Business / Opinion

A knowledge economy that works with ideas

By Cecily Liu (China Daily) Updated: 2014-04-14 07:12

Having acted as the world's manufacturing factory with an export-led growth for the past 30 years, China has already built up an impressive manufacturing capability. Some indigenous brands such as the telecommunications firm Huawei Technologies Co Ltd and white goods maker Haier Group are now gaining international recognition.

Gregory says he has confidence in Chinese brands. He says Chinese manufacturing capability in electronics, cars and solar panels is already high and some Chinese factories are now leading industry standards.

A knowledge economy that works with ideas

A knowledge economy that works with ideas
World Bank pares 2014 outlook 

One reason that the Chinese government placed heavy emphasis on the need to move up the value chain in its 12th Five-Year Plan (2011-15) is that the country's labor costs are rising, so the old model of cheap export-driven economic growth is no longer sustainable.

In fact, some foreign companies that once considered China a good outsourcing destination have now moved manufacturing back to their home countries or to other emerging countries such as Vietnam and India for even cheaper manufacturing.

British companies such as the computer manufacturer The Raspberry Pi moved production from China back to Wales in 2012 and the food manufacturer Symingtons Family Estates moved manufacturing from China to Leeds last year.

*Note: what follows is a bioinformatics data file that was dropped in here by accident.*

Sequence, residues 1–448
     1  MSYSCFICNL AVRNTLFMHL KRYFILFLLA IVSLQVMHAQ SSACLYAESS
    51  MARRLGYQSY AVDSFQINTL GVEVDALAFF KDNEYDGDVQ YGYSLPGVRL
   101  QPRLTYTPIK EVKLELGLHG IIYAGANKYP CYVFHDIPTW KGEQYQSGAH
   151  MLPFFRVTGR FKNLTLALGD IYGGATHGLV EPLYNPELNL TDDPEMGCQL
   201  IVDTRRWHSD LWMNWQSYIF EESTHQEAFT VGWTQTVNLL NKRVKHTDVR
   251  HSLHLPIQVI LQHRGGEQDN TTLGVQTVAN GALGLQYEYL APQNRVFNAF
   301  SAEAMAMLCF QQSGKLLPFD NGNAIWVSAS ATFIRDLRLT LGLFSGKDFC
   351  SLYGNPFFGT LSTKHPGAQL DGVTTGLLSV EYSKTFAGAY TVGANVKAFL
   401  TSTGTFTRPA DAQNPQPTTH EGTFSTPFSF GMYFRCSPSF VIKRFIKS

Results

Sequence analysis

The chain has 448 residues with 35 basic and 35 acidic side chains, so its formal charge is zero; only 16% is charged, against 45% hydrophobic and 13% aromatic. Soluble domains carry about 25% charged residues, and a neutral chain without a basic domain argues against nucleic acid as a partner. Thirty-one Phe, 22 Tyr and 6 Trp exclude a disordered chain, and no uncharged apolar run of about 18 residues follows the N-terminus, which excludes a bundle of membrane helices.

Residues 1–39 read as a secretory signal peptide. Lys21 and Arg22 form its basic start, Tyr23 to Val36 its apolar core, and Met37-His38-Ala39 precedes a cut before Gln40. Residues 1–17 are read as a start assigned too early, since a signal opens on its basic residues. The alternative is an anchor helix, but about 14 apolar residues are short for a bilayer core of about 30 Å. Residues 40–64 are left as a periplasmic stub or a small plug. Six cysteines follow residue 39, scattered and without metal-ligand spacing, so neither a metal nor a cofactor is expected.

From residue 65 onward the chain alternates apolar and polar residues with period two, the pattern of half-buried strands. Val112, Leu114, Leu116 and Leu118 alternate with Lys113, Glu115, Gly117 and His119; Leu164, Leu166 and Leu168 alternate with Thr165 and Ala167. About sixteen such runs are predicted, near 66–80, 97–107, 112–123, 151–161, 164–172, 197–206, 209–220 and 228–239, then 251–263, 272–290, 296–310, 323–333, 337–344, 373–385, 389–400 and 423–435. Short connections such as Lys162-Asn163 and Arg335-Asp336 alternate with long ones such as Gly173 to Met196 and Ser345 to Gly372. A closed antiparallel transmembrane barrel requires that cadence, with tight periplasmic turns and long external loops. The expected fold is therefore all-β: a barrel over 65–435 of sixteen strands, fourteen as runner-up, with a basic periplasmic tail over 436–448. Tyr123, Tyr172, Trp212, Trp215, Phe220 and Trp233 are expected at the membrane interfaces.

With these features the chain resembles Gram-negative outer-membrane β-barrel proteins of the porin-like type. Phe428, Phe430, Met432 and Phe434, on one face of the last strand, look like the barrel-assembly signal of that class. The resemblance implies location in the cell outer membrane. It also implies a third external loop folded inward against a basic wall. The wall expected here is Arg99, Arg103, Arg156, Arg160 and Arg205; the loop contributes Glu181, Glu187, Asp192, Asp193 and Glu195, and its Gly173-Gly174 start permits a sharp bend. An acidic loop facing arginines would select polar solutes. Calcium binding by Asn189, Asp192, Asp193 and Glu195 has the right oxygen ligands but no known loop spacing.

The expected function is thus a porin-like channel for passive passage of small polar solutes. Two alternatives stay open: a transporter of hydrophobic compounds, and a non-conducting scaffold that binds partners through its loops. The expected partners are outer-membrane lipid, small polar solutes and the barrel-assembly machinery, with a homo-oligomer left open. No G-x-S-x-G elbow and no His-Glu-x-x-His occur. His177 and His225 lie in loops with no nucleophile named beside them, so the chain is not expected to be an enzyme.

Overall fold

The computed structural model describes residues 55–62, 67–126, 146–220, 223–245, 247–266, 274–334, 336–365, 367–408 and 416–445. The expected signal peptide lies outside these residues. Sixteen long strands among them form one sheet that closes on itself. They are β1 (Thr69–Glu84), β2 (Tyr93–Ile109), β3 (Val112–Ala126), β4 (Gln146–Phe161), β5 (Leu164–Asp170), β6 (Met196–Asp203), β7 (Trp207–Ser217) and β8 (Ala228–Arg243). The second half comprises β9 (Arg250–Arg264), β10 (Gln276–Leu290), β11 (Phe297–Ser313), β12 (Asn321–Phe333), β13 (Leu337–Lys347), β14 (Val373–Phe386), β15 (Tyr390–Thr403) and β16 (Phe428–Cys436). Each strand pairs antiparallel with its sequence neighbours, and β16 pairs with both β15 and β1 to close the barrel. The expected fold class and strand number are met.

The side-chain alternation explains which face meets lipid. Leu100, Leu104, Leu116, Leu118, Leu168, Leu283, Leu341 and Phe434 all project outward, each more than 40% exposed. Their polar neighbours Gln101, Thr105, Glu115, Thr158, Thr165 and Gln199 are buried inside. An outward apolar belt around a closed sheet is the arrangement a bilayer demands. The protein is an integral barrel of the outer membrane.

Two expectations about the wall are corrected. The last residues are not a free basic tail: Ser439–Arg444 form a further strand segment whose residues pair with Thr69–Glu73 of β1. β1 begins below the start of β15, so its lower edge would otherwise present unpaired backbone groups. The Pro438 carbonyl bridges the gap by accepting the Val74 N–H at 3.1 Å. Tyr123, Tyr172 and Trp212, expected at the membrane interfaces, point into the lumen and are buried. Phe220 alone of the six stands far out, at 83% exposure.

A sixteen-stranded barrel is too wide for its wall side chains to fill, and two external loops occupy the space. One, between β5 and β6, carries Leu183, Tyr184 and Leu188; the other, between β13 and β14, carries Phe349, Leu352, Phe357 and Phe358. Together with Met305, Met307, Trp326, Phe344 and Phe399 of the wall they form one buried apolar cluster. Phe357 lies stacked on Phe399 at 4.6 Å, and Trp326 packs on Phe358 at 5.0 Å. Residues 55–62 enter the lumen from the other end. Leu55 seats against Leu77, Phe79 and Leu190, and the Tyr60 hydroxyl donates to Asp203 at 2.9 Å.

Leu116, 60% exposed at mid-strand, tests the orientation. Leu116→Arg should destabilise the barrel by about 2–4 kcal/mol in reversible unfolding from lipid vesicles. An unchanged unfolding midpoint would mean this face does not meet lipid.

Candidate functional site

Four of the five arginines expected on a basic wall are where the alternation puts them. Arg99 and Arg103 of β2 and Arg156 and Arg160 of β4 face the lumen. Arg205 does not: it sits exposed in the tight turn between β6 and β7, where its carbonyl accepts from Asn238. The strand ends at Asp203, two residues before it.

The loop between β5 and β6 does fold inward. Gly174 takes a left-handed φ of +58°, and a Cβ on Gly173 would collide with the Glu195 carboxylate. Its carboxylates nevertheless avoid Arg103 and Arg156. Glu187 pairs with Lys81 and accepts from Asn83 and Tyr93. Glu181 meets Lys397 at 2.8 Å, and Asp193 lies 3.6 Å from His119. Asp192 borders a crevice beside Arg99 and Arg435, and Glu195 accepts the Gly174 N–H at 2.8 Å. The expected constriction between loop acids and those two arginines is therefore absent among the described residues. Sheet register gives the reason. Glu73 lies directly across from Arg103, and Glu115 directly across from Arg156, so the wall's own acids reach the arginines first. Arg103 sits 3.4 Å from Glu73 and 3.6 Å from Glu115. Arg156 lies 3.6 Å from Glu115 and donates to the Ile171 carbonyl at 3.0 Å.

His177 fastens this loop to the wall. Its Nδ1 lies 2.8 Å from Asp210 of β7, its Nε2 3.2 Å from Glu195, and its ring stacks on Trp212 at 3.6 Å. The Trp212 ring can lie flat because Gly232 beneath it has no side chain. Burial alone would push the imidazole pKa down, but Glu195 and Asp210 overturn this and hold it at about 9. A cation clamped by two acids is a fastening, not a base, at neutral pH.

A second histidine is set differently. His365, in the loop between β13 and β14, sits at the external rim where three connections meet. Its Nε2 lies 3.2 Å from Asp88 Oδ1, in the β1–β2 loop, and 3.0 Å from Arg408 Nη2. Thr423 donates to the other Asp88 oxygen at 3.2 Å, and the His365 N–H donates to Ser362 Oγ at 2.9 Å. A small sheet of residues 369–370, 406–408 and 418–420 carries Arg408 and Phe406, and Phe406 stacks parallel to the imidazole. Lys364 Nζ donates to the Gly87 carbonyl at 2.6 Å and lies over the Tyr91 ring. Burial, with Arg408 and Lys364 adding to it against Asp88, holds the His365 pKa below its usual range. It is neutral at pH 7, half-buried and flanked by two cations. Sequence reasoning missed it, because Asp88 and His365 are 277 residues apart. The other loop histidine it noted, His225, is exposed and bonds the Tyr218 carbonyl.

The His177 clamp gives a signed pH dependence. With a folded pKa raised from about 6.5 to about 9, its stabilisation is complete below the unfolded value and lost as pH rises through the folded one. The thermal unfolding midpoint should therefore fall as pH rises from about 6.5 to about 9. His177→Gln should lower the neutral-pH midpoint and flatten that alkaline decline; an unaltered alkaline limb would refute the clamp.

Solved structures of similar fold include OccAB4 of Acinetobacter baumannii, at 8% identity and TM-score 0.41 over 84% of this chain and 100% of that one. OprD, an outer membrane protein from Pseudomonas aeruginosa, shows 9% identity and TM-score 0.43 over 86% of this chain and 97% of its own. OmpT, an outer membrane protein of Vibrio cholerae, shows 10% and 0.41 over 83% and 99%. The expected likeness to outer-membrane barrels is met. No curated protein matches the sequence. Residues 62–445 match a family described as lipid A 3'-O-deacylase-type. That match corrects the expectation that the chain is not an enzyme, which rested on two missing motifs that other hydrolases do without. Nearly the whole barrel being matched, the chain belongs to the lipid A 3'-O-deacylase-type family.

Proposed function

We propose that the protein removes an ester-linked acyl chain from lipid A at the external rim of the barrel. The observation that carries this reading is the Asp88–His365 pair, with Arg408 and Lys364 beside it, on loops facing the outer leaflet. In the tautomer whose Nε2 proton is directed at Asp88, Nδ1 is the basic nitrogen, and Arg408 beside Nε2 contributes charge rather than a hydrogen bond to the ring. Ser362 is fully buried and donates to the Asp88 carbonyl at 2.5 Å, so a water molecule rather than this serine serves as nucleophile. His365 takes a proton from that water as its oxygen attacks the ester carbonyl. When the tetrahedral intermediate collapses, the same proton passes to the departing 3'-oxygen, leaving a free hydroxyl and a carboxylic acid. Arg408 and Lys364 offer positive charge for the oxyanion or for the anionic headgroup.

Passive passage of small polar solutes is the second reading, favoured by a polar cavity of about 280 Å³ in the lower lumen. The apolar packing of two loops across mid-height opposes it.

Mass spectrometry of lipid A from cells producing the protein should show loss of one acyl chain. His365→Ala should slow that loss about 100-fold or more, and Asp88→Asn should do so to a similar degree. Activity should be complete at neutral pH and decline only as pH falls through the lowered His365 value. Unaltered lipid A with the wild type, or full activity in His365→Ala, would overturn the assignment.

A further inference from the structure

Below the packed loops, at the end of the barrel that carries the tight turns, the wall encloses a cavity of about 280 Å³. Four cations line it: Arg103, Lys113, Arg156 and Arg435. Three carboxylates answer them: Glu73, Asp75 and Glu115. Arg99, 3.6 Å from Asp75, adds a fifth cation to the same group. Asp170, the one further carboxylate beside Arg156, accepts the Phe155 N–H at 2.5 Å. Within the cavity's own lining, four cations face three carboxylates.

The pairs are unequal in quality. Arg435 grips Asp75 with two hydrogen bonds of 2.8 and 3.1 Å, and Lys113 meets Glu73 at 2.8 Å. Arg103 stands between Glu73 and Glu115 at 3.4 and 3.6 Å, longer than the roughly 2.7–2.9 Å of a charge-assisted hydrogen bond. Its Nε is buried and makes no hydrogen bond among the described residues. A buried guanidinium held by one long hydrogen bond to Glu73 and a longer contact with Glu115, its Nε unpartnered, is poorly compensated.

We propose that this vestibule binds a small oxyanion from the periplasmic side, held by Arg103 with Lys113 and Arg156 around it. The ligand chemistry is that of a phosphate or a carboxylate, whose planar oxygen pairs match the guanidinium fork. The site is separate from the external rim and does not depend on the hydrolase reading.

This re-shoring process has generated considerable media attention, but Gregory says there is no data demonstrating it to be a widespread trend.

Companies that tend to move manufacturing back to Western markets may be motivated by the responsiveness to consumer demand such arrangements can allow for, he says.

"If the market is in the UK, and there's demand for change, people can just ring up the factory the next day, whereas if you've got two months of production coming from China on a ship, then you've got less flexibility," he says.

For this reason, brands that greatly target the Chinese consumer market will probably keep their production in China, especially for heavy products where transport costs are high.

Meanwhile, many Chinese companies are going global by acquiring Western brands. Gregory believes this is logical and sensible, because Chinese production capacity can develop behind the brands acquired and continue to make these brands great.

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